The town earned itself a notorious reputation in the 17th century, due to the number of women burned for witchcraft. The executions took place on land just north of the town which is still known as "The Witches' Hollow". The town retains some particularly gruesome instruments of that period, in particular the Forfar Bridle. This was a hinged metal collar with a metal prong to the front which entered the mouth as the collar was fastened around the victim's neck, it acting as a gag during the execution.
According to the town council's records, the witch hunt appears to have been triggered in 1661 by an argument between Isobel Shyrie, a poor woman who was unable to pay her taxes, and Baillie George Wood, a tax collector. During the quarrel, Isobel cursed Baillie Wood. When the unfortunate man suddenly dropped dead, all fingers pointed at Isobel.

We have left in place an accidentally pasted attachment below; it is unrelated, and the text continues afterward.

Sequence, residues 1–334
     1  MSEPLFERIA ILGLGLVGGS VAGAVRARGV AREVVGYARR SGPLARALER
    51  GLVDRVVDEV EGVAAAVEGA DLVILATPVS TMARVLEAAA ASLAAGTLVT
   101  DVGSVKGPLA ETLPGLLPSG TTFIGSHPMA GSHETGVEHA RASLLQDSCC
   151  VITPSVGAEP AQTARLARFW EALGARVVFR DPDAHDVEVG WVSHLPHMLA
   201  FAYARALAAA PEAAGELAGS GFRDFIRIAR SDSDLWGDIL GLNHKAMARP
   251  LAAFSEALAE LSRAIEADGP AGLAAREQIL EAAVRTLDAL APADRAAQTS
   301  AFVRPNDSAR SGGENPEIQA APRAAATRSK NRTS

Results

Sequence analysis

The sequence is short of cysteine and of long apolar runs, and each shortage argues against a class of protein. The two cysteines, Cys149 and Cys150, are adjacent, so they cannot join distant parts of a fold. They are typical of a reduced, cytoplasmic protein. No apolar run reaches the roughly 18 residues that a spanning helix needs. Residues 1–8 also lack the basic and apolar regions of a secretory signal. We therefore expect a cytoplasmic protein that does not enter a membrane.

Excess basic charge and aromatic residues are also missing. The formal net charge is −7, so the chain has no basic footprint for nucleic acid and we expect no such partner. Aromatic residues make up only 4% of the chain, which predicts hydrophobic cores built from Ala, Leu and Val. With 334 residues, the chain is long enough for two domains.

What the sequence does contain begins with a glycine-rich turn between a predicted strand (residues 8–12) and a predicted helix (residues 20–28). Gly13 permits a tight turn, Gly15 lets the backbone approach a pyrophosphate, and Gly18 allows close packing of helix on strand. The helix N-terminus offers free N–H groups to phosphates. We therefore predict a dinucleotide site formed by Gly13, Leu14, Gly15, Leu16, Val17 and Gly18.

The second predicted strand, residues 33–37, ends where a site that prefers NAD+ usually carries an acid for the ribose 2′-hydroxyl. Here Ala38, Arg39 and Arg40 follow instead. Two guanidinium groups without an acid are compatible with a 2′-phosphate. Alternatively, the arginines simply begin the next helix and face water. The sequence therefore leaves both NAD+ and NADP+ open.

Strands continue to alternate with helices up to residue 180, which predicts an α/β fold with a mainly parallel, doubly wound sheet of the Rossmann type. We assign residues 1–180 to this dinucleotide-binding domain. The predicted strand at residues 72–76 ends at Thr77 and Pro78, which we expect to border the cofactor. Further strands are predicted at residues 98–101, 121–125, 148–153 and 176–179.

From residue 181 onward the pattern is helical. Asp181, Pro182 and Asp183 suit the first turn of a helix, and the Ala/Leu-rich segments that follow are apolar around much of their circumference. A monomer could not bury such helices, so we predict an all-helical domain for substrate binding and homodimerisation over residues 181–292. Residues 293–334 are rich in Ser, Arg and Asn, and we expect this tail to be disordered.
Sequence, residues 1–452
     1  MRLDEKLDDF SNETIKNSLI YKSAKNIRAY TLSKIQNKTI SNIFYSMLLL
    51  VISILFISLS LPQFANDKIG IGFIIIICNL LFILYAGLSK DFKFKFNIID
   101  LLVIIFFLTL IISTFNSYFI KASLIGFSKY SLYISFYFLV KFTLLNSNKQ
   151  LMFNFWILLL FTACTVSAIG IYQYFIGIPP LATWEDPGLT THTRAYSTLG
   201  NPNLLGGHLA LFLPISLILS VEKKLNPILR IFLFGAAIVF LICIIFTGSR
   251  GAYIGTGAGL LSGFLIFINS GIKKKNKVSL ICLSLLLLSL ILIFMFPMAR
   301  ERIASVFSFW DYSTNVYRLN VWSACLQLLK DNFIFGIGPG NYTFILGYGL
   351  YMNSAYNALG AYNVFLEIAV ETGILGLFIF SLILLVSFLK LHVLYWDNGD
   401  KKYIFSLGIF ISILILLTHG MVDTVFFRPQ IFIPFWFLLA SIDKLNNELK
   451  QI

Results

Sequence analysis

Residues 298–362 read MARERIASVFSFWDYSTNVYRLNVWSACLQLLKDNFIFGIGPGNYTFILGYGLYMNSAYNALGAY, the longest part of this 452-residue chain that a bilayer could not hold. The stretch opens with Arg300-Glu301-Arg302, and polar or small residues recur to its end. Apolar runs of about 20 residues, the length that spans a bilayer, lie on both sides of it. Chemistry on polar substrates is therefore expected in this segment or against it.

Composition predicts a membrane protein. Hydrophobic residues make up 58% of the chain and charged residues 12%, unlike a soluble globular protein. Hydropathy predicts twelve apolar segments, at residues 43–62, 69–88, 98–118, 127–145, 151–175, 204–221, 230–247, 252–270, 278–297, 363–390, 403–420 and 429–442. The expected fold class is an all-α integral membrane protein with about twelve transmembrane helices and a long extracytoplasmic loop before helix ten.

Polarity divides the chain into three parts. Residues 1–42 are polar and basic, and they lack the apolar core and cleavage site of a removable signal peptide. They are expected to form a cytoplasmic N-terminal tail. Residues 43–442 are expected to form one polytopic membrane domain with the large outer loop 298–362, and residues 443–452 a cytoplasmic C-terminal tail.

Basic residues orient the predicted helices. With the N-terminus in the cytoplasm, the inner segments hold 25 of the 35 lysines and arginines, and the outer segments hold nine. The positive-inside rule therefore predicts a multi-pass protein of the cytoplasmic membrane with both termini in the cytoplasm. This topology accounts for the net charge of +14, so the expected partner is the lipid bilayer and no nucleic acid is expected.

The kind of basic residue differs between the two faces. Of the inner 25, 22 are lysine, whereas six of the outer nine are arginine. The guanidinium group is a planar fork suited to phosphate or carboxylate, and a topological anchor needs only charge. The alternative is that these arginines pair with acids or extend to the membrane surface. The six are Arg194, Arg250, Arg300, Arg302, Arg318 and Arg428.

In those days, it was considered that there were three ways to spot a witch - she went by a nickname instead of the name she was baptised with; there was a mark on her body that was impervious to pain; or she practiced 'malefice', which was the use of supernatural means to do evil. Isobel was widely believed to be guilty of malefice, which was sufficient for her to be sent to the dungeon below the Tolbooth, situated on the road next to the Town House in Forfar town centre.
Find out more about the Forfar witches at the Meffan Museum.